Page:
If the sentence is long/big writing and spaces, and they need to go on the next line ask them where they think they need to write next, if unsure ask them what happens in a book. Get them thinking about what they need to do.
Next day, re-read y.day's entry, and then compose a new one.
Progression would be to make the sentence longer - We went for a walk to the shops/Today we went for a very long walk to the big shopping centre, or adding another sentence to expand on the 'story', dropping the post it note ('make a space with your eyes') and the reminder of where to start/direction. Composing/remembering the sentence, writing (with spaces) and re-reading will become under their control. If they are writing in pen and make a mistake in their journal a white sticker can cover it and they correct over the top.
Instead of fingers, counters can be used and placed on table above as visual reminder; get the sentence composed, use fingers, five words, give them five counters, they repeat the sentence placing down a counter down as they say each word with big space between each word/counter.
V. V. wordy/laborious/non-grammatical explanation but should sort out the spaces/direction - and is quicker to do than to write about! Keep it pacey and it shouldn't take long to write a short sentence and as the sentences become longer/more sentences, they are more competent and practiced as they are doing the job by themselves.
(To really reinforce the spaces/direction, rewrite the sentence on a strip of paper. Cut it up between each word, and child puts 'puzzle' back together with space between each word. Ask them to lay it out on a piece of A4 paper, landscape, then portrait, then fold to A5, they lay it out again so they can see the 'return sweeps' work and how the full stop has to go next to to a word. nb make sure they always start top left hand of the page as if they are writing.)
Retired TA (male) here -
Yes, as Zebedeee says, those ideas should help (though I didn't read the whole lot, but got the gist!).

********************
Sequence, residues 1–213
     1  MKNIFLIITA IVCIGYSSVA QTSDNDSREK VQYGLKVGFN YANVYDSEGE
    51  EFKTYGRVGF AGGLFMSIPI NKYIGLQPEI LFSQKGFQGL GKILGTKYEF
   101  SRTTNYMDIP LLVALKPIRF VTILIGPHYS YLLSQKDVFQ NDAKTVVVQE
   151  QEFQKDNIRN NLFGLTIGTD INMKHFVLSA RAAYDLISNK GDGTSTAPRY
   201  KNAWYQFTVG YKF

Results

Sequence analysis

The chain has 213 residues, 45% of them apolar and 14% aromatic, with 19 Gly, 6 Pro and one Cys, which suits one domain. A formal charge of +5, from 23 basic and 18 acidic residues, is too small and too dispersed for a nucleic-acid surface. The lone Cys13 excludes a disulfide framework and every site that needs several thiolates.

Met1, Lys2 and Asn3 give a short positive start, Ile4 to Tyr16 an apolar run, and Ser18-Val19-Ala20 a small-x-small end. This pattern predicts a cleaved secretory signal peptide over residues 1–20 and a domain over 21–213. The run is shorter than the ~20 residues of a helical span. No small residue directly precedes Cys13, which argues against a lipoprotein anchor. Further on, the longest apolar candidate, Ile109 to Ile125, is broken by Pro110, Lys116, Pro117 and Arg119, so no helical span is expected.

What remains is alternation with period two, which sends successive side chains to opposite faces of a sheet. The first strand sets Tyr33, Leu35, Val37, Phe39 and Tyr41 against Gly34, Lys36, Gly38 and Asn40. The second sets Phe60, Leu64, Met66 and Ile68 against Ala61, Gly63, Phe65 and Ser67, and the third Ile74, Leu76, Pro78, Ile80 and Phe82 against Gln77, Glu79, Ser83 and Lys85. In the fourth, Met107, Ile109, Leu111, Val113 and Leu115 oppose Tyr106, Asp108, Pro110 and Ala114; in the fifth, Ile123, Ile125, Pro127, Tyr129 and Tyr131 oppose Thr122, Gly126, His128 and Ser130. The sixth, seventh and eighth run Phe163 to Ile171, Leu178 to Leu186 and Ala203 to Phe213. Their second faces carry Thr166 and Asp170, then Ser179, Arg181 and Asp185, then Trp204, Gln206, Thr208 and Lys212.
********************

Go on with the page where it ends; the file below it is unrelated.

However, in my twenty years in schools I haven't come across many Reception children who CAN write much in the way of proper sentences. As long as she 'has a go' and some of the words start with the correct sound, or there is some phonic content in words, I would be pretty happy.
We were frequently still trying to get kids to use finger spaces, capital letters and full stops in Yr2, and many were still poor at it in Yr3.
(Enjoy the hols, and don't work TOO hard.)
Get her to jump her sentences as she says them. Stand up tall for the capital letter then jump for every space before curling up in a ball to finish with a full stop.
Great suggestions, and thanks for the reassurance Ferguson. My instinct is that she is doing fine - you're right, she also needs to have some fun in the hols!
My dd has always kept a Diary and now also a journal. It obviously started with a broken sentence progressing to a single sentence, then onto a few lines and now half A4 daily.
Its great practice over the holiday and doesn't seem like work.
Yes, we've just started our holiday journal - one or two short lines plus a pic. She seems to enjoy it an will have something to show at the end. Also, hopefully we might see an improvement over time.
We are using the sainsburys summer journals. My 2 ds 4 and 6 are really enjoying it. Ds1 struggles with pace so I am trying to get him to write quicker. My dsis who is a teacher suggested pen instead of pencil as it flows more easily. Ds2 is desperate to learn to read/write so he is writing over the top of my writing.
I think as long as its fun any practice is good and they will just get better and better.
Other ideas I have heard are writing invites to toys for tea parties, lists (ds1 did a lot of this in reception). I found some really nice phonics and writing books in pound land which are very colourful and have stickers too.
Thanks Gumps. I love those suggestions. I think mine would love the tea-party one especially! What do the Sainbury's journals involve?